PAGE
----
California Educator

June/July 2021

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Page 41 of 55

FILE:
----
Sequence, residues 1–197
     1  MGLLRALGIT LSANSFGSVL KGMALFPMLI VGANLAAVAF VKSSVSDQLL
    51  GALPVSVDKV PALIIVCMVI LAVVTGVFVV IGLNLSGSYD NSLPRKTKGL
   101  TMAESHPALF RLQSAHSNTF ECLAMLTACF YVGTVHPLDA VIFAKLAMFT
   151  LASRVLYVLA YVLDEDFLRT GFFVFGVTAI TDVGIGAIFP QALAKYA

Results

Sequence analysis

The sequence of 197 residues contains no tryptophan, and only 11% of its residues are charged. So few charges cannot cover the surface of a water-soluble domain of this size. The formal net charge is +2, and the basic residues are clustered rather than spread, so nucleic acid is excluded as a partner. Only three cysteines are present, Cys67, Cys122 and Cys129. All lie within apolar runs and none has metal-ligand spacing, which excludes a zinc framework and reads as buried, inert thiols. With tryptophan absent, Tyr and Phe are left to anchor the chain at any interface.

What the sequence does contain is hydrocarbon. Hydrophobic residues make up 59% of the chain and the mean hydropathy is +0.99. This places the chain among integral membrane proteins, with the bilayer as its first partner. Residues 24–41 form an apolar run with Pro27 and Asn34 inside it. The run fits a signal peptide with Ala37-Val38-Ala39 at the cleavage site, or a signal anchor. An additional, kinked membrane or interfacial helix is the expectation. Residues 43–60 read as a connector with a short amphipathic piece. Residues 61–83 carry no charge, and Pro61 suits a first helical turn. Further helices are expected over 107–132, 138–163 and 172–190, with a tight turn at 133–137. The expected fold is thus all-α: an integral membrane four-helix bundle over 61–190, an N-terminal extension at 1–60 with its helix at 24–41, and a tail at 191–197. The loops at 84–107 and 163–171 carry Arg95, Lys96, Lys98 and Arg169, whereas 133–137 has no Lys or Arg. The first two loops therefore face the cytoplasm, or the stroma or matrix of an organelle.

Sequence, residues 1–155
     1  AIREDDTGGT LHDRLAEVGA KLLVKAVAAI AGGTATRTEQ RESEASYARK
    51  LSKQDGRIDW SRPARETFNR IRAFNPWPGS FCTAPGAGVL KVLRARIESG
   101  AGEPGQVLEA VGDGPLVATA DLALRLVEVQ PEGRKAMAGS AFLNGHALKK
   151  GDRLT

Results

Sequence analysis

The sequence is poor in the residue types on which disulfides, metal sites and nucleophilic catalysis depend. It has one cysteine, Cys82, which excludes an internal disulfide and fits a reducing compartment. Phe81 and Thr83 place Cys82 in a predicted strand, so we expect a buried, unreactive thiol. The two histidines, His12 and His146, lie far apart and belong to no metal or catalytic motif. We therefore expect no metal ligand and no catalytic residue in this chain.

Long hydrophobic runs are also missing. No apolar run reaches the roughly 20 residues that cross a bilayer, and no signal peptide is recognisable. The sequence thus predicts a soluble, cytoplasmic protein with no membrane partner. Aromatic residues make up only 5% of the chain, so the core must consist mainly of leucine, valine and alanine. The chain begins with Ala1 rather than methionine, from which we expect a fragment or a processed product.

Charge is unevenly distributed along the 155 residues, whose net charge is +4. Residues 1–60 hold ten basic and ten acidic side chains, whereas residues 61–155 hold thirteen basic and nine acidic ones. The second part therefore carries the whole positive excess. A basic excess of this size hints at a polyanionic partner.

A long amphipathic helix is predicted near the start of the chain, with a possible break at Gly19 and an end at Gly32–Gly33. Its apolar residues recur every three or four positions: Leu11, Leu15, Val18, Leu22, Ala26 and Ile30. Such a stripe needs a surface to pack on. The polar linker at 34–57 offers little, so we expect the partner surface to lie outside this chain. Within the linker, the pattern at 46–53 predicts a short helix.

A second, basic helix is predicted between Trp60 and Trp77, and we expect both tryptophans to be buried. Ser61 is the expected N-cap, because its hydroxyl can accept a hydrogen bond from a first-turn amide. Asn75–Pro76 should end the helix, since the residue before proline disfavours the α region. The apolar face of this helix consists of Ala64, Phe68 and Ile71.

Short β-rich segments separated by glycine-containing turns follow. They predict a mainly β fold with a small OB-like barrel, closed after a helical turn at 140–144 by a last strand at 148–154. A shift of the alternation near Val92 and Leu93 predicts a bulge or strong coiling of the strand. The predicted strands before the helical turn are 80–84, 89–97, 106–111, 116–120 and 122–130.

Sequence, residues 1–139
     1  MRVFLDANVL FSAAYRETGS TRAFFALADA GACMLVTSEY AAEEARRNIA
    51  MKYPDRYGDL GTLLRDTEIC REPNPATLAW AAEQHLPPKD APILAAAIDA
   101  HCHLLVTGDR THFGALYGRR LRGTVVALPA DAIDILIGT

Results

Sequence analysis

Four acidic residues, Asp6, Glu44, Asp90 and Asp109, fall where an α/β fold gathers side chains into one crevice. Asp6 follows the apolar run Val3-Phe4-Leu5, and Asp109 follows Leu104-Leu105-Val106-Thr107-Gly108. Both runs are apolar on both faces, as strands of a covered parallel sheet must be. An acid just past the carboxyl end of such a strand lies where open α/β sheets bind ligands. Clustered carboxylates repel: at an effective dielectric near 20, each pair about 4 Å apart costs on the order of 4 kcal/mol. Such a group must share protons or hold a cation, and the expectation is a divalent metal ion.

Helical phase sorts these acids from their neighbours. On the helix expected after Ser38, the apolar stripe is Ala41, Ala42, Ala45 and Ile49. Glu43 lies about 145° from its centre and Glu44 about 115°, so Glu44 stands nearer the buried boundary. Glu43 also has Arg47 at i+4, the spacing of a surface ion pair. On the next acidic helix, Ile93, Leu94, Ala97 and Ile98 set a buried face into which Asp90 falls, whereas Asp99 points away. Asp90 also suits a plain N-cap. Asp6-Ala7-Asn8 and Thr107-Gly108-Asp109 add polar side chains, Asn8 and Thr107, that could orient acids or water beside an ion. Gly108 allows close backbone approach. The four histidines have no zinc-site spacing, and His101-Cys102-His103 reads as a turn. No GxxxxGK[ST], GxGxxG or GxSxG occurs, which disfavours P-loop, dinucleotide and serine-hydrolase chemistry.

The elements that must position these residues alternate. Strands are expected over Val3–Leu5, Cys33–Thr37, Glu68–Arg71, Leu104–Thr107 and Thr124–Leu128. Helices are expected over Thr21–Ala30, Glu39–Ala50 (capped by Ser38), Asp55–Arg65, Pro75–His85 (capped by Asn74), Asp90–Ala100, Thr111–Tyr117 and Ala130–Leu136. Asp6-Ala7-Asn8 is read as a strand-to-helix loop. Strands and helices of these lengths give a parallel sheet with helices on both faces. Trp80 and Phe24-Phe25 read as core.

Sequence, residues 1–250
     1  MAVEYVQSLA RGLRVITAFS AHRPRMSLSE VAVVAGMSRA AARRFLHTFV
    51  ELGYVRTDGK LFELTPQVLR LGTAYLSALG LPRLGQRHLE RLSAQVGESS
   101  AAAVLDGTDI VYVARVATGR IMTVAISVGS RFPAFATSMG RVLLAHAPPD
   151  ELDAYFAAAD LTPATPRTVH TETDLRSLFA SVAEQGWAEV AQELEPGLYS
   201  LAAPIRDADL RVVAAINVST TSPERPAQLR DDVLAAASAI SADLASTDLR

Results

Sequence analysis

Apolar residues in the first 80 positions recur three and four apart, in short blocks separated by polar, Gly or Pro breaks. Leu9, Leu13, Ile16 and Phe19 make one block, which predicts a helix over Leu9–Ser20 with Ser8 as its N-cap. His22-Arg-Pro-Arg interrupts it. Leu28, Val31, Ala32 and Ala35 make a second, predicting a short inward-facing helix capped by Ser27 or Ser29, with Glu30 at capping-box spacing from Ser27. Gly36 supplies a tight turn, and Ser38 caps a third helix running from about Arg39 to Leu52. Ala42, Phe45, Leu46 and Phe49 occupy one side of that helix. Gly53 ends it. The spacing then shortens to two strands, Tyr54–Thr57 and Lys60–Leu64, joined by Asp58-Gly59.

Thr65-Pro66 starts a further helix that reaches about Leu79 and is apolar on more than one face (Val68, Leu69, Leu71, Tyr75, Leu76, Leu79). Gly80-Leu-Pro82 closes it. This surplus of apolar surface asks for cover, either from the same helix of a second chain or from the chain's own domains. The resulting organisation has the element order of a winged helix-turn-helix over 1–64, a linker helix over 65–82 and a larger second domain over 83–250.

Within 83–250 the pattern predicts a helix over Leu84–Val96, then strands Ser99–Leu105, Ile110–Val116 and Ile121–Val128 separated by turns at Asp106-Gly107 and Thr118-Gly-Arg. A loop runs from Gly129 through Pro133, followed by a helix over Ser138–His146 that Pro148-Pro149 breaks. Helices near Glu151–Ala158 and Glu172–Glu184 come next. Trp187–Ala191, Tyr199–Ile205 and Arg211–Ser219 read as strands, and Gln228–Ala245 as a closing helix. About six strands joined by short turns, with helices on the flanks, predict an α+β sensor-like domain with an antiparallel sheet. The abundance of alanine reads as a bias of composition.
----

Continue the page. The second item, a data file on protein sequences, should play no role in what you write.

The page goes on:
M E L I S S A B A L D W I N , a member of West Sacramento Teachers Asso- ciation, teaches women and gender studies (WGS) and English at River City High School in West Sacramento. She created the WGS class in 2018, getting it approved by her department chairs and the school board, and then as an "a-g" course meeting CSU and UC admission requirements. ough exact data is hard to come by, the course is one of just a few WGS classes in California and nationwide. Baldwin taught her inaugural WGS class in the 2019-20 academic year. This fall she has enough students signed up for two 35-student sections — an indication of the interest and need for the course among young people. She is eager to share her experience and help other educators navigate creating similar courses in their schools, so they can help their LGBTQ+ and WGS students feel safe and con- nected on campus. Guest speaker and school principal Brittony Billingslea, center, speaks of her experience of how women must continually prove themselves and be more prepared than men because of perceptions of gender. Setting Course Melissa Baldwin's journey to get women and gender studies on the (school) map 40 Teaching & Learning Melissa Baldwin

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